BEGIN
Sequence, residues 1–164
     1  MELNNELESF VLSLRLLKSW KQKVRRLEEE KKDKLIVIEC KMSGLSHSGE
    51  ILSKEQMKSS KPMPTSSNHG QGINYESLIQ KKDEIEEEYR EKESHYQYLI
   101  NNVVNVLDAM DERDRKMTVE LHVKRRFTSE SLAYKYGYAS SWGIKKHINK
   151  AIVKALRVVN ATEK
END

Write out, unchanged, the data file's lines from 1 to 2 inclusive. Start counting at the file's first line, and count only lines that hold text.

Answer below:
Sequence, residues 1–164
     1  MELNNELESF VLSLRLLKSW KQKVRRLEEE KKDKLIVIEC KMSGLSHSGE